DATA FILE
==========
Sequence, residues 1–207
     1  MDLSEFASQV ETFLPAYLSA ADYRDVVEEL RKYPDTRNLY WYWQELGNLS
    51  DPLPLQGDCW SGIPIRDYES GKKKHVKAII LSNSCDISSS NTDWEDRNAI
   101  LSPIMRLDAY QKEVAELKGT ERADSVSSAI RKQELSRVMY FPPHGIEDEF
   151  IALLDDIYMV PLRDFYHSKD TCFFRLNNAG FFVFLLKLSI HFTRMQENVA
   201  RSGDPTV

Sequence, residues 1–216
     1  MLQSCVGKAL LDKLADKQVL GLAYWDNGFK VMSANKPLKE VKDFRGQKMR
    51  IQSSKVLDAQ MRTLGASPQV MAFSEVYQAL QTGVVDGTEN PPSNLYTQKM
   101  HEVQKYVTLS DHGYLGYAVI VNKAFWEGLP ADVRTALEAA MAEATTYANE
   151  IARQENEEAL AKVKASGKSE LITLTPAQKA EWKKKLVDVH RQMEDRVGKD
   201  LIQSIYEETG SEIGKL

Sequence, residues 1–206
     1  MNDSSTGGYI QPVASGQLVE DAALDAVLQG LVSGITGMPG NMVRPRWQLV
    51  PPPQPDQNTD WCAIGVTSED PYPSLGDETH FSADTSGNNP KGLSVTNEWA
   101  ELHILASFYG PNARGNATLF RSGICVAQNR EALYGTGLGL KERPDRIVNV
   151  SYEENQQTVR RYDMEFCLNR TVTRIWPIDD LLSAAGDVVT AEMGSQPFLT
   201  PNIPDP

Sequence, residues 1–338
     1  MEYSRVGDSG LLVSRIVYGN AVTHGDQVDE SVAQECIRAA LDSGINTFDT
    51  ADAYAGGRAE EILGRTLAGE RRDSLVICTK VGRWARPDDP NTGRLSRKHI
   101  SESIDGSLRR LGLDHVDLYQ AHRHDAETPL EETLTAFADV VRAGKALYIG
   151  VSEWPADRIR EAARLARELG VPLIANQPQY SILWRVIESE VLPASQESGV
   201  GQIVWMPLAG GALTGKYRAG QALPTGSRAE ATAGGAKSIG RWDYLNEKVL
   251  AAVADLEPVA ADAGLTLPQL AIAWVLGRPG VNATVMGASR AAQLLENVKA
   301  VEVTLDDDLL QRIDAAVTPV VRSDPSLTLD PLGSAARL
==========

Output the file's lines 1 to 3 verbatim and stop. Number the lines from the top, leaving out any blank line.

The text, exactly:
Sequence, residues 1–207
     1  MDLSEFASQV ETFLPAYLSA ADYRDVVEEL RKYPDTRNLY WYWQELGNLS
    51  DPLPLQGDCW SGIPIRDYES GKKKHVKAII LSNSCDISSS NTDWEDRNAI